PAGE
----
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LA Theater Review

Uptown Downtown

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Uptown Downtown
Photo Source: Jim Cox
This scintillating solo vehicle gives 60-year showbiz veteran Leslie Uggams a chance to demonstrate that she's equipped with far more than the "nuthin' " that she croons about in "I've Got Plenty of Nuthin' " from the Gershwin opera "Porgy and Bess." Uggams' repertoire here also includes evergreen songs by Jule Styne, Rodgers and Hammerstein, and other great tunesmiths. This performer's bravura song styling and delectable warmth and wit, along with intriguing anecdotes about her life and career, yield a spectacularly entertaining evening.

Beginning the show by describing her early performances in amateur talent contests and her 1950 professional debut at age 7 opposite Ethel Waters in the sitcom "Beulah," Uggams then spins delicious tales of her experiences working alongside superstars such as Louis Armstrong, Dinah Washington, and Ella Fitzgerald at the Apollo Theatre. She describes her biggest career breaks: her Tony-winning 1967 performance in Styne's "Hallelujah, Baby!" and her years in the early-1960s TV show "Sing Along With Mitch." A particularly moving anecdote recounts how host-bandleader Mitch Miller stood up to the NBC brass when they tried to limit her time on the show, fearing that too much of an African-American performer would harm the show's ratings.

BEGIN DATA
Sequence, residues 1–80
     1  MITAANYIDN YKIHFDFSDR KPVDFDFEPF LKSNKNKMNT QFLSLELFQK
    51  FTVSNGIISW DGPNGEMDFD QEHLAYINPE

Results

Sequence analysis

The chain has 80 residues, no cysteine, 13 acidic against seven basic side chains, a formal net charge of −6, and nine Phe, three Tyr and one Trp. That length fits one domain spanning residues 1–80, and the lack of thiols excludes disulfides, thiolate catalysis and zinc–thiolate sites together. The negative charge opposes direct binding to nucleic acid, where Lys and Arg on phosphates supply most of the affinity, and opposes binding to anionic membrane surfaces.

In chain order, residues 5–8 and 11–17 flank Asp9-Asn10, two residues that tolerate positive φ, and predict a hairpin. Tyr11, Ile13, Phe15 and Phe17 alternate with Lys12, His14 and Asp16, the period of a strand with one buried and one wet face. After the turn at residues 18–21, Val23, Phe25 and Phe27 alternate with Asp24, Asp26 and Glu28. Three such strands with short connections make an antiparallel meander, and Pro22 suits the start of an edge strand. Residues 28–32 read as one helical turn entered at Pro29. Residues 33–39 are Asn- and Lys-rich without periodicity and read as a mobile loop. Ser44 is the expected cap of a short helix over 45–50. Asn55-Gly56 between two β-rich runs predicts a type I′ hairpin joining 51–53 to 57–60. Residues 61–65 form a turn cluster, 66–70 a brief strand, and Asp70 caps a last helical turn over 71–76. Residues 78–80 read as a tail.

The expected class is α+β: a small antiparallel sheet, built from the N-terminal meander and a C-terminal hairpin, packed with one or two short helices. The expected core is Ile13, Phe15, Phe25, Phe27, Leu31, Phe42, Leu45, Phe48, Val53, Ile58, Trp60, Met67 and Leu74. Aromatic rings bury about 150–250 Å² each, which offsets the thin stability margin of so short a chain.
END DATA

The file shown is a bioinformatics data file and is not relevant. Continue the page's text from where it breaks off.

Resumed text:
Uggams' voice is in tip-top shape, and she demonstrates her versatility by mixing pop chart–toppers like "Up on the Roof" (from her work with the Drifters) with a treasure trove of show tunes and bluesy classics. Her delivery of the Billie Holliday treasure "Good Morning Heartache," Harold Arlen's "Stormy Weather," and Jerry Herman's "If He Walked Into My Life" demonstrate her sublime affinity for torch songs. She's likewise winning in upbeat ditties such as "Sunny Side of the Street" and jazzy delights like Duke Ellington's "It Don't Mean a Thing." Conceiver-director Michael Bush ensures that the show is crisply paced throughout. Don Rebic's music direction and the orchestrations by Rebic and Gordon Goodwin are sensational, and the seven-piece onstage band is first-rate. Costumes by Tosca New York and lighting by Steven Young offer classy enhancements.

The title denotes Uggams' life journey from growing up in Washington Heights to the lights of Broadway and beyond. This lovely production makes it clear that wherever this vivacious performer hangs her hat is home.

Presented by KPC Incorporated with and at the Pasadena Playhouse, 39 S. El Molino Ave. Pasadena. Nov. 19–Dec. 12. Tue.–Fri., 8 p.m.; Sat., 4 and 8 p.m.; Sun., 2 p.m. (Also Wed., 2 p.m., Nov. 24.) (626) 356-7529 or www.pasadenaplayhouse.org.

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